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Hey, folks. Capone in Chicago here, with a few films that are making their way into art houses or coming out in limited release around America this week (maybe even taking up one whole screen at a multiplex near you). Do your part to support these films, or at least the good ones…

Much like the memoir that inspired it, NOTES ON BLINDNESS (from co-directors James Spinney and Peter Middleton) attempts the seemingly impossible, especially for a visual art form: to capture the essence—both actual and emotional—of being blind. Using as its framework the memoir from writer, educator and theologian John Hull, “On Sight and Insight: A Journey into the World of Blindness,” the documentary works tirelessly to accurately recreate the process Hull went through when he discovered he was on the verge of completely losing his vision in the early 1980s, at the age of 48.

At first, Hull began recruiting volunteers to record dozens of important text and research books so that he could listen to them later in preparation for lecturing to his classes. But as the blindness became complete, he also began using a tape recorder as a means of remarking on the way his mind and emotions responded and/or adapted to his collapsing condition. The result is a sensory experience that is unlike anything you’ve likely seen. As Hull’s words become as trippy as they are powerful. Every word we hear is Hull’s (and anyone else that happened to be in the room while he was recording); what we see are actors portraying him and his wife Marilyn lip-synching the dialogue on the tapes, and the result is eerie and quite moving.

But the film also turns his nightmares and fears about being blind into reality. Hull is convinced that if he doesn’t overcome his fear of blindness, it will destroy him mentally. He has low and high moments, but he works through everything will Marilyn’s help. An appreciation of certain sounds brings a fresh, uplifting perspective to his condition one day, while a trip to his native Australia, where he hopes to surround himself with the familiar is a disaster. But the return home helps him rebound quickly.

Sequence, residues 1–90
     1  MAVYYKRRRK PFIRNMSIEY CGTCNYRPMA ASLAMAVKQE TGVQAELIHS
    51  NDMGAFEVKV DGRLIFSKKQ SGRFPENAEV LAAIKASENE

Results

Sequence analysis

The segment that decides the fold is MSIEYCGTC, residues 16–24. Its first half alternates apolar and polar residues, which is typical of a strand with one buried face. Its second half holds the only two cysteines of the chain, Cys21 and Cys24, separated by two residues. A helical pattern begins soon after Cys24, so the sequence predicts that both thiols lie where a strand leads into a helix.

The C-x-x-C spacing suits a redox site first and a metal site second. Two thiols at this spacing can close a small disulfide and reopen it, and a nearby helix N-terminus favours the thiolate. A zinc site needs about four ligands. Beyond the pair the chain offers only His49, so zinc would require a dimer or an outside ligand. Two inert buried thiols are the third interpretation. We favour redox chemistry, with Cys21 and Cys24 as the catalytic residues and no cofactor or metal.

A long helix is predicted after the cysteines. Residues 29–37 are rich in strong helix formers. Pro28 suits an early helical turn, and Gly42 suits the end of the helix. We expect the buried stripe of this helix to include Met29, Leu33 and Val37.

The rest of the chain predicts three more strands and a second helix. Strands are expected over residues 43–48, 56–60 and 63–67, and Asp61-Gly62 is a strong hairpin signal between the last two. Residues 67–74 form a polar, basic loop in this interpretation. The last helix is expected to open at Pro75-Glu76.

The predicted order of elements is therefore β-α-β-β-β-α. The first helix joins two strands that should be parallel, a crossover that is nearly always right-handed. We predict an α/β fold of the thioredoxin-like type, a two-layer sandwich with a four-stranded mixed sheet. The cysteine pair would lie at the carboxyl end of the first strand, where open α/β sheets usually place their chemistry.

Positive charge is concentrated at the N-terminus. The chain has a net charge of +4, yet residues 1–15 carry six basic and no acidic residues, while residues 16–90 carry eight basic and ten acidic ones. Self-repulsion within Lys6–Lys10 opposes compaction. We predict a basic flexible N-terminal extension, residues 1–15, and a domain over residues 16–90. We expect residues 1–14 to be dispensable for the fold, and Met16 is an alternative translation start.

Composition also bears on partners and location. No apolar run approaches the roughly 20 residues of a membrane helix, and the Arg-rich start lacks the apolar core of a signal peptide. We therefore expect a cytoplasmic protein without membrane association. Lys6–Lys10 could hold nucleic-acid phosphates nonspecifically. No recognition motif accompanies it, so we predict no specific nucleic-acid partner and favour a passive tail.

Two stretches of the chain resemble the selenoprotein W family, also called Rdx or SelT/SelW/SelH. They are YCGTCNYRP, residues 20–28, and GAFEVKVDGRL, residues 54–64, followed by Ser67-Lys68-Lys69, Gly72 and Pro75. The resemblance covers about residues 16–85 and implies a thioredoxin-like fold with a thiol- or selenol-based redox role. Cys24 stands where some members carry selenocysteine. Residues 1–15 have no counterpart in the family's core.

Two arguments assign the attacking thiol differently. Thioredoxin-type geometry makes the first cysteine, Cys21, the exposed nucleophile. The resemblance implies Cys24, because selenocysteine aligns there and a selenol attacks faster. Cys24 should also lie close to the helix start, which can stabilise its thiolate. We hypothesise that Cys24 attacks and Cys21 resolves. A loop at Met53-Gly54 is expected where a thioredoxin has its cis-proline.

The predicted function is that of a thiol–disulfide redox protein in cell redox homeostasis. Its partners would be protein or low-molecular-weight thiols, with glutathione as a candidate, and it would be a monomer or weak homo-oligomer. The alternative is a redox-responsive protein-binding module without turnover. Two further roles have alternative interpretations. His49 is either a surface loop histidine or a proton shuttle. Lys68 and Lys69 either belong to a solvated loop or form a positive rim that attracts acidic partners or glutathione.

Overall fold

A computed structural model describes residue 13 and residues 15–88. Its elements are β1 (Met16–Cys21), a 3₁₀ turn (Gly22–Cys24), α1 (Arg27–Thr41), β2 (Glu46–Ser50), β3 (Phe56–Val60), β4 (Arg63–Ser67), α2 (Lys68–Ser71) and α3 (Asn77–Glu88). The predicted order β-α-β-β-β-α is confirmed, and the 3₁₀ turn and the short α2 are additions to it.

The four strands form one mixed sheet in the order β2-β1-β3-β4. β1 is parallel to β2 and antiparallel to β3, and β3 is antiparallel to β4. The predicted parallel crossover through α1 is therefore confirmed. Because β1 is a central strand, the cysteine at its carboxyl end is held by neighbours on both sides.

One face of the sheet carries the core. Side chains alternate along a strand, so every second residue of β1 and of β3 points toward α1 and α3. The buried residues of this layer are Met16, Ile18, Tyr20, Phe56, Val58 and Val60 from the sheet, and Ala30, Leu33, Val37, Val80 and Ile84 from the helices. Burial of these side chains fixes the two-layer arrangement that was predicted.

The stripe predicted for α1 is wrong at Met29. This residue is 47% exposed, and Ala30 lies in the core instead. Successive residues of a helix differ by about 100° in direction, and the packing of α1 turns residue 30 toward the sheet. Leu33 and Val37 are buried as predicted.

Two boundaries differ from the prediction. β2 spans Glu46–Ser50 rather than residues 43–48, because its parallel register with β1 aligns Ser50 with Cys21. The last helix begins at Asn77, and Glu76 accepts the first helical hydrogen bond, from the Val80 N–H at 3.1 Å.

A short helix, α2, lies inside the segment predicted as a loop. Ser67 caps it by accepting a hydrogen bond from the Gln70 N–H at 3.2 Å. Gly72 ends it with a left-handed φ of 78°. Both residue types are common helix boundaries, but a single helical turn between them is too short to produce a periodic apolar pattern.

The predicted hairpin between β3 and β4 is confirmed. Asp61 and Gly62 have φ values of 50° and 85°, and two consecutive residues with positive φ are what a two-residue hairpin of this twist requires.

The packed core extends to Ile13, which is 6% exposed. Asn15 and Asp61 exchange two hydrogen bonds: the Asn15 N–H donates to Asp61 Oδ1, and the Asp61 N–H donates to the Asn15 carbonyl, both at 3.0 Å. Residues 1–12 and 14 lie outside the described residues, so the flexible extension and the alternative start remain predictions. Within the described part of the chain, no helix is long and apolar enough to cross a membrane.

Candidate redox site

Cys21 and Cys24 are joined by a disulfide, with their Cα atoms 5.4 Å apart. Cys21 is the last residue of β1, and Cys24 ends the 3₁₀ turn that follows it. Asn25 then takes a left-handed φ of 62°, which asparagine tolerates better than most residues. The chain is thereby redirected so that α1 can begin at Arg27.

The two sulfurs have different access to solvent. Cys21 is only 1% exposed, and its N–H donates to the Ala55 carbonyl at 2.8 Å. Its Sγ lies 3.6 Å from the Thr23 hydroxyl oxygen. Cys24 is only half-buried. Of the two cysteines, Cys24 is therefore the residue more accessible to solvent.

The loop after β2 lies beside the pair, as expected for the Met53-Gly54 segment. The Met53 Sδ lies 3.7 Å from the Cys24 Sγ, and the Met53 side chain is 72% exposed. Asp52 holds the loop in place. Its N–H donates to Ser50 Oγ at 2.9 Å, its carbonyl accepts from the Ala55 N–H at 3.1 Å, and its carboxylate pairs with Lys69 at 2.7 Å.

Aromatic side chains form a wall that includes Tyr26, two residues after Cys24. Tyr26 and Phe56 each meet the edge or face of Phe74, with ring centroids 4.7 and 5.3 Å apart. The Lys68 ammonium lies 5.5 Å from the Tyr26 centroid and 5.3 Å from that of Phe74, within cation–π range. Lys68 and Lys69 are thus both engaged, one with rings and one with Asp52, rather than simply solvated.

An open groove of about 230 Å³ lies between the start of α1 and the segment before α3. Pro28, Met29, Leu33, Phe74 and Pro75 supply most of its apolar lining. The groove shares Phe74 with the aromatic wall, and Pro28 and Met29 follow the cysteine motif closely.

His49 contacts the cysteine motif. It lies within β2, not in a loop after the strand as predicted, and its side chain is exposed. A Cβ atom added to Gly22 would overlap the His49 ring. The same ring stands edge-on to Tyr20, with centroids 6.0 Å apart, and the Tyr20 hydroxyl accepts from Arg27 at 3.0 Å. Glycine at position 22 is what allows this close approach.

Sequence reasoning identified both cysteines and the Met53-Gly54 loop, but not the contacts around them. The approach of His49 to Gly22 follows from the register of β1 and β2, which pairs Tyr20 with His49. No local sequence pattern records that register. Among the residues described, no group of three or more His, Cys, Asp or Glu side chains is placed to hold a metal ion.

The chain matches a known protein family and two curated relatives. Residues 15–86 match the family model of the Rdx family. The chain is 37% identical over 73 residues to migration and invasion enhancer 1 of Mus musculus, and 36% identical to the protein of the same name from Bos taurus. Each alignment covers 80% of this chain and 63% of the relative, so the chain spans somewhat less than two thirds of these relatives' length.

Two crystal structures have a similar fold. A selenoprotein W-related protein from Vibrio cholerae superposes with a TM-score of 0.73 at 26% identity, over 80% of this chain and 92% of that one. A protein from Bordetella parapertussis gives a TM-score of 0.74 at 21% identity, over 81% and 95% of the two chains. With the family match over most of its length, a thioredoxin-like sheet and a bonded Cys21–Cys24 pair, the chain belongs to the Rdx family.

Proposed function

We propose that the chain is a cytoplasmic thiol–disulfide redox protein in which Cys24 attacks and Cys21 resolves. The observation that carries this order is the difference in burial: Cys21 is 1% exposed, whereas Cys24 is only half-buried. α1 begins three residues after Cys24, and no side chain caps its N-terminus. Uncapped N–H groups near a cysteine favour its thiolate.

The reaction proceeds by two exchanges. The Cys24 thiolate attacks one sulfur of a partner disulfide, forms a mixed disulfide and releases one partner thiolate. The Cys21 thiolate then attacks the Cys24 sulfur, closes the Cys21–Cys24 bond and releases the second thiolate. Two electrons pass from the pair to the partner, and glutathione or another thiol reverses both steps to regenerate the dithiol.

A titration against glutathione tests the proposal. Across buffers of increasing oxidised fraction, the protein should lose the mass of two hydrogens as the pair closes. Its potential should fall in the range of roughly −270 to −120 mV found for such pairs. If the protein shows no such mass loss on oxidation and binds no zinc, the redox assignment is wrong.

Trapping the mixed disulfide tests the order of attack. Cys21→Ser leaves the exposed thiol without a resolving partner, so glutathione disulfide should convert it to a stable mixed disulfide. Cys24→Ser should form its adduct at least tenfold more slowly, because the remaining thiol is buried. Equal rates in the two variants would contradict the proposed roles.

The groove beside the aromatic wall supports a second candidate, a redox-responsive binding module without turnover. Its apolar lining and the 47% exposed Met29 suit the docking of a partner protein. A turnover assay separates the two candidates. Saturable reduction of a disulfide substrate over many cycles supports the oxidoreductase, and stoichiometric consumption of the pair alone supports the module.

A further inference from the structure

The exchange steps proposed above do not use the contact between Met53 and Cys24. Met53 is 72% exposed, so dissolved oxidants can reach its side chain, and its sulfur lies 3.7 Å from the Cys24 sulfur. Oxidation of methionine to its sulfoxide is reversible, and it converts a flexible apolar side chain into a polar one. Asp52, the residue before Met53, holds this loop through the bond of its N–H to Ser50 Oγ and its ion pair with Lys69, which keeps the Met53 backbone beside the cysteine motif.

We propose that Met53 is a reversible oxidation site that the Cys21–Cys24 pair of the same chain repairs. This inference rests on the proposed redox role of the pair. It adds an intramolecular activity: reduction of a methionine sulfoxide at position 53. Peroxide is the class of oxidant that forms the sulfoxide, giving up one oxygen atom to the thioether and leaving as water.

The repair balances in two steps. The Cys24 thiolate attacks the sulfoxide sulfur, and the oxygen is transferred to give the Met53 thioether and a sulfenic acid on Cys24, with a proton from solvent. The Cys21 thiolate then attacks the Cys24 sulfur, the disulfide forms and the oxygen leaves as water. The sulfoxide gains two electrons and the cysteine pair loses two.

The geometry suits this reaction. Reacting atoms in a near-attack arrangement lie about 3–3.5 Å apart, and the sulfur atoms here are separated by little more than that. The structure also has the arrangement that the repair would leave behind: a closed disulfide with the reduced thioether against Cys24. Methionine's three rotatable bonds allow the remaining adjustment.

Perhaps because Hull himself approached the world as an academic, NOTES ON BLINDNESS avoids the trappings of a sappy, overly sentimental work and instead sets out to immerse the audience in the mind and fading eyes of this man who came to see blindness as a gift he didn’t necessarily want, but one he would embrace. The film is ambitious, carefully and skillfully crafted, and tirelessly constructed into a magnificent journey of the heart and mind.

One of my favorite documentaries of 2016 was also about one of my personal heroes from way back. The film is director Steven Okazaki’s MIFUNE: THE LAST SAMURAI about the legendary Japanese actor Toshiro Mifune, whose many collaborations (16 in total) with director Akira Kurosawa influenced several generations of filmmakers and actors around the world. With works like RASHOMON, SEVEN SAMURAI, THE HIDDEN FORTRESS, THRONE OF BLOOD, YOJIMBO, SANJURO, HIGH AND LOW, and RED BEARD (to name a few), Mifune and Kurosawa redefined cool and changed film history forever. While the film focuses a great deal on their works, it places the partnership in context of both post-World War II filmmaking and the history of Japanese sword-fighting films of the era.

Narrated by Keanu Reeves and co-written by Mifune biographer and Japanese film historian Stuart Galbraith IV, Okazaki’s documentary covers all of this and a great deal more, delving into Mifune personal life as well as his rise and struggle to stay on top of the acting world in Japan, especially with his especially rebellious spirit that might hinder other actors. THE LAST SAMURAI features great interviews with many who knew him and worked with him (I especially love the stuntman who claims to have been “killed” more than 100 times by Mifune on film), as well as a few famous fans, including Martin Scorsese and Steven Spielberg (who cast Mifune in 1941), both of whom place the actor in his proper place on the international landscape. The film has remarkable clips from films and television series Mifune worked in across his long career, and it’s a treasure trove of hidden gems I’ll be seeking out in years to come for Mifune’s fine work.